One of my favorite things about having a garden is being able to make fresh salsa when tomatoes and peppers are in season. A reader asked me recently where my fresh, uncooked, salsa recipe was and I realized I’ve never posted this simple – yet super flavorful – recipe. Which, since I make it several times a week during August and September, is quite an oversight.
While fresh salsa is a simple recipe – if you’ve got tomatoes, peppers, and onions you’re basically good – there are many variances in flavor additions: garlic, lime, cilantro – or not. There are also texture differences and in our house I like to make two versions of fresh salsa, just like we are served at our favorite Mexican restaurants:
A classic, chunky pico de gallo full of diced tomatoes, peppers, onions and garlic. If I’m going to add other ingredients like corn, beans or sweet bell peppers as I did here, it will be to this pico de gallo version of fresh salsa.
And a restaurant-style salsa cruda where the same tomatoes, peppers, onions and garlic have been whirred in a food processor to a much smoother consistency. This salsa I usually keep ‘pure’ with only tomatoes, onions, and hot peppers – and spicy. In fact I always leave the seeds and the membranes of jalapeno peppers on because we like it hot!
I often make these both together because they use almost the same ingredients and it’s easy to do – half the lime for one, the other half for the next batch and so on.
Here’s where I probably should confess that I’m not a cilantro fan – I think it overtakes the other flavors in salsas most of the time. I usually use Italian parsley and I like the fresh flavor it adds that only enhances the other flavors. Like always, the choice is yours!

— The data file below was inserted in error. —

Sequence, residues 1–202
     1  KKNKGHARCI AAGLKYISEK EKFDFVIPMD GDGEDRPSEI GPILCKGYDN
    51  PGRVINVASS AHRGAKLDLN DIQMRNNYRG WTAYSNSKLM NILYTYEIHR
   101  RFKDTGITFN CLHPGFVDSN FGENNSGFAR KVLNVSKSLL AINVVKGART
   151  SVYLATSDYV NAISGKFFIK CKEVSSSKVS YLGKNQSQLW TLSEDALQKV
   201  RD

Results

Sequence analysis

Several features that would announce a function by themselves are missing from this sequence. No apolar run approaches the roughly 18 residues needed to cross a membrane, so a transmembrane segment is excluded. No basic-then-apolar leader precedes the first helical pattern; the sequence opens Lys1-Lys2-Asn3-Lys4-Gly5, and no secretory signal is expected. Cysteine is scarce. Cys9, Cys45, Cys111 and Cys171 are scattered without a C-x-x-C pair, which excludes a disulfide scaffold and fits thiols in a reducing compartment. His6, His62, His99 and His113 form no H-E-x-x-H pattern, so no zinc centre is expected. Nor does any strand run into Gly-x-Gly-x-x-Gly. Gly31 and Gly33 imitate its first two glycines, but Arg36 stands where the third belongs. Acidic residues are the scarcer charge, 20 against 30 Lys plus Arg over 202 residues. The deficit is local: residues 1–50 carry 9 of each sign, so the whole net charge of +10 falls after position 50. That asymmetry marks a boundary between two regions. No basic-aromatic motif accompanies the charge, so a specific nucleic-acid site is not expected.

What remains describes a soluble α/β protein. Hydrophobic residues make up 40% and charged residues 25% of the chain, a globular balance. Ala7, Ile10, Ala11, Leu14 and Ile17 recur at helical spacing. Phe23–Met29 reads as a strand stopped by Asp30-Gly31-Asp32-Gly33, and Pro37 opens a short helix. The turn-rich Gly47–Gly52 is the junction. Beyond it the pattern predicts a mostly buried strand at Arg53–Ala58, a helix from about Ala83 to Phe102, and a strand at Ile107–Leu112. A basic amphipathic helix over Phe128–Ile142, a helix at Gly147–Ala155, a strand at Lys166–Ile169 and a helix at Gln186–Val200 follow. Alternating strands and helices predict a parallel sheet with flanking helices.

While I’ve made versions of these fresh salsas for years, dealing with the copious amounts of juice from ripe tomatoes has always been an issue, so I’ve recently added a draining step to the recipe that I adapted after reading about it in Cook’s Country. It’s not crucial, so you can choose to skip that step, but it does make using the salsas with finger foods like tacos much easier.
Oh, and our favorite way to eat these salsas is with 10 Minute Baked Tortilla Chips – yum!
Garden Fresh Salsa Cruda & Pico de Gallo
Easy fresh salsa you can make into both a smooth, restaurant-style salsa crude and/or a chunky pico de gallo.
- Prep Time: 20 mins
- Total Time: 20 mins
- Yield: Makes about 2 c. - 1 c. each kind
- Category: condiment
- 3 lbs. tomatoes
- 1 tsp. salt
- 1 small onion, halved
- 2-4 jalapenos, halved (remove seeds for milder salsa)
- 1 anaheim pepper, halved & seeded
- 1 lime, halved
- 4 garlic cloves, peeled
- 1/2 tsp. pepper
- 1/4 c. chopped parsley or cilantro (for those fans out there…)
- optional: 1/4 tsp. cumin (sometimes I do and sometimes I don’t)
- optional diced vegetables for pico de gallo: beans, corn, sweet peppers
- For both salsas: core and quarter the tomatoes. Sprinkle tomatoes with salt and let sit in a strainer to drain while preparing the other vegetables.
- For Salsa Cruda:* add one half of the remaining ingredients to the bowl of a food processor (roughly chop the half onion first) and the juice of one half of the lime – pulse until ingredients are roughly chopped. Add half of the drained, quartered tomatoes to the processor and whir with ingredients until the desired consistency is reached; transfer to a serving bowl.
- For Pico de Gallo:* dice the remaining half of the ingredients and add to a serving bowl, along with the juice from the other half of the lime. Chop the remaining quartered, drained tomatoes and add to the pico de gallo ingredients and stir together well.
- Salt and pepper both salsas to taste and serve.
*Of course you can just make one type of salsa – just use all the ingredients for whichever type you choose and either process them all for the salsa cruda or hand chop them all for the pico de gallo.
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